Premiums Way Up
However, I doubt that employers or workers in Massachusetts feel much better knowing that we don’t have the highest health insurance premiums in the country, or that people in Massachusetts pay a lower proportion of their income for their insurance than folks in many other states. After all, the study also shows that in Massachusetts from 2003 to 2010:
The total cost of health insurance premiums increased by 55% for single policies and 48% for family policies.
Workers buying single policies had a 68% change in their annual contribution (from $713 in 2003 to $1200 in 2010), and those who bought family policies saw their average annual contribution increase from $2385 to $3444, or 44%.
The average annual deductible increased by 43% in single policies and 54% in family plans.
The percent of median income going to health insurance rose from 12.5% to 17.7% for a single policy, and from 12.7% to 15.2% for a family policy.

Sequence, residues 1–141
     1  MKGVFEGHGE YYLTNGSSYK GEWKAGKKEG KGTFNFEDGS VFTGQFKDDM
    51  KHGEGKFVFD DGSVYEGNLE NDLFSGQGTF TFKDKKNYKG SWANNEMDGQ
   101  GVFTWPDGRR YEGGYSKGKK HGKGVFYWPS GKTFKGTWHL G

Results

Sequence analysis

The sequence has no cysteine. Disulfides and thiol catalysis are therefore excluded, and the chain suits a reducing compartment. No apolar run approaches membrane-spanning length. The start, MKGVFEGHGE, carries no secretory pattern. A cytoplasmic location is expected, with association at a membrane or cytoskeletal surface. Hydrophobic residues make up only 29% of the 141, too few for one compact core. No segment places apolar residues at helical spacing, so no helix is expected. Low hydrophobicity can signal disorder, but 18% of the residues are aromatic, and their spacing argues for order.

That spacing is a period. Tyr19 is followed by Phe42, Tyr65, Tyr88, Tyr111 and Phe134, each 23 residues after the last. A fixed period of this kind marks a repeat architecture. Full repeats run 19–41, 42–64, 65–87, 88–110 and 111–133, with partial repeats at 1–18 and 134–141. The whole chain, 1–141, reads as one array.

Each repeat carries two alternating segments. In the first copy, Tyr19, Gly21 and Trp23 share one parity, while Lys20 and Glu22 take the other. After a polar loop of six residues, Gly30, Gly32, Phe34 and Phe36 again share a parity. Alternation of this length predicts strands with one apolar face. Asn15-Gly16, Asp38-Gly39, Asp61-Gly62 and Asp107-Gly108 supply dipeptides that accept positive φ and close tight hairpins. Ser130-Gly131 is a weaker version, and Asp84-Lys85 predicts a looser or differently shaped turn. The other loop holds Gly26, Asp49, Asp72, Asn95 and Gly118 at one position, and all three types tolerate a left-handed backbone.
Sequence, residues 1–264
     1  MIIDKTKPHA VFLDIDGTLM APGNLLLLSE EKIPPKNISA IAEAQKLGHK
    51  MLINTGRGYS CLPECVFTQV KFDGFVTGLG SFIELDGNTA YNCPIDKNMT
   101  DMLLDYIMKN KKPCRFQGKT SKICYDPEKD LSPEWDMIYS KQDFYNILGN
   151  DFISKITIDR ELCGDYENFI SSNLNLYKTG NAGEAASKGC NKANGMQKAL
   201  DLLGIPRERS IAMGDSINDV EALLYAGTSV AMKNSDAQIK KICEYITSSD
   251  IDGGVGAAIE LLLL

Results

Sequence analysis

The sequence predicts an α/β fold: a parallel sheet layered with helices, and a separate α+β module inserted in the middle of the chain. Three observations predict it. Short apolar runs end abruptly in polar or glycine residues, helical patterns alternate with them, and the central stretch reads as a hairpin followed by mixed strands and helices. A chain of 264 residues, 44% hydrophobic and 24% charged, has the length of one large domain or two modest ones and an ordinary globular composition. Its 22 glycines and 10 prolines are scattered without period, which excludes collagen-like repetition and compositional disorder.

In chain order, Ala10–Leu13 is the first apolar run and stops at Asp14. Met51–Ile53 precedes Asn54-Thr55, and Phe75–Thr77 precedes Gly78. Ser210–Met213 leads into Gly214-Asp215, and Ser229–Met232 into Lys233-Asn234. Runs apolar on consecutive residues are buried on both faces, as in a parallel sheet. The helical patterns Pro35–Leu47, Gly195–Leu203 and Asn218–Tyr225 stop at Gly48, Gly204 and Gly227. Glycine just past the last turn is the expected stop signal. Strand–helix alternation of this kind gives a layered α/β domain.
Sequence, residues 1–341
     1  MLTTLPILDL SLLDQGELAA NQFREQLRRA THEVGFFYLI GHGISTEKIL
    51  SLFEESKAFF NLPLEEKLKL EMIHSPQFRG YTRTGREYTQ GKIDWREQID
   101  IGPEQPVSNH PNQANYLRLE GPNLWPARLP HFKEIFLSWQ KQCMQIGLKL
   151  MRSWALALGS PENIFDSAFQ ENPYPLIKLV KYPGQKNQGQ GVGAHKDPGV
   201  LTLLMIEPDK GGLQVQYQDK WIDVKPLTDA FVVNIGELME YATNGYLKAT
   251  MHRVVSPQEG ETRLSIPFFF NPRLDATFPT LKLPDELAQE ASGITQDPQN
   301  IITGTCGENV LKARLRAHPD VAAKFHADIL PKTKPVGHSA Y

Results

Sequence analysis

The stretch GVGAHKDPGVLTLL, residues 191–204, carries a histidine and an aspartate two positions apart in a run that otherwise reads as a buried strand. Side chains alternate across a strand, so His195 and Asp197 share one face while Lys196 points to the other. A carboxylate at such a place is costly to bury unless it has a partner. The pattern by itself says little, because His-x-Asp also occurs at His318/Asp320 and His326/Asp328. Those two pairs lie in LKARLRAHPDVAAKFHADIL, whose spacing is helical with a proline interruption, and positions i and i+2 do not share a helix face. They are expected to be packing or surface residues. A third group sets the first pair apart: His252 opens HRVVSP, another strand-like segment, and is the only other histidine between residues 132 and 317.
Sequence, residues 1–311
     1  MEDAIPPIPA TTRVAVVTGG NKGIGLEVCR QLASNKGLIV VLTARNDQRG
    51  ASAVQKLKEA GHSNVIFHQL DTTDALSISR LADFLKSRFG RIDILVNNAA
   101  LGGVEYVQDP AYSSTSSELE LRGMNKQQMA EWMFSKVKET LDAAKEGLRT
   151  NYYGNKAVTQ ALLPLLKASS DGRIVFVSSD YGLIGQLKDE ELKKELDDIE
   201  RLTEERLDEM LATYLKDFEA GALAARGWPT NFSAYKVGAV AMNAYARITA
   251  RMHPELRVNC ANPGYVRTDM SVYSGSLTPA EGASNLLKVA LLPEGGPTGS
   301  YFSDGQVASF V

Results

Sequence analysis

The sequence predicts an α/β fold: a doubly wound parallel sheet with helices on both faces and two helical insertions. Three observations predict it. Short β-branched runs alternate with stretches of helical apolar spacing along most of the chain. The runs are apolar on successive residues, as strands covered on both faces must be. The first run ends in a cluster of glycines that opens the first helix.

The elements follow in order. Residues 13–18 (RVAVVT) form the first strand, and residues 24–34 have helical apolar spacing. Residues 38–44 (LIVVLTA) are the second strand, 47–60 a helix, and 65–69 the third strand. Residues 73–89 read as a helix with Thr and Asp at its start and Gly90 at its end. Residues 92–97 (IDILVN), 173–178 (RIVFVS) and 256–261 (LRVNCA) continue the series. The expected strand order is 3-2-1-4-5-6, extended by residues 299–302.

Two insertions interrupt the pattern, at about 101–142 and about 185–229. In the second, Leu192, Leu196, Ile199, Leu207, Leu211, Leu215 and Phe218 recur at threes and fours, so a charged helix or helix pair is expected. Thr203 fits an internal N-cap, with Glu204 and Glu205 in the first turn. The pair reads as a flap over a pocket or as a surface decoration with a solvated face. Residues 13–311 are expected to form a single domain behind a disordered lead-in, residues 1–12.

Misery may love company, but misery is still misery. Health insurance premiums in Massachusetts are rising rapidly, consuming an ever increasing share of family incomes, and putting an extraordinary strain on employers. We won’t do much to address these problems unless Massachusetts can be the top-ranked state in one area where being #1 would truly be best: the resolve and ability of our political leaders to take strong actions to address the rising costs of health care and health insurance.
Stay tuned for that ranking in spring 2012.
This program aired on November 21, 2011. The audio for this program is not available.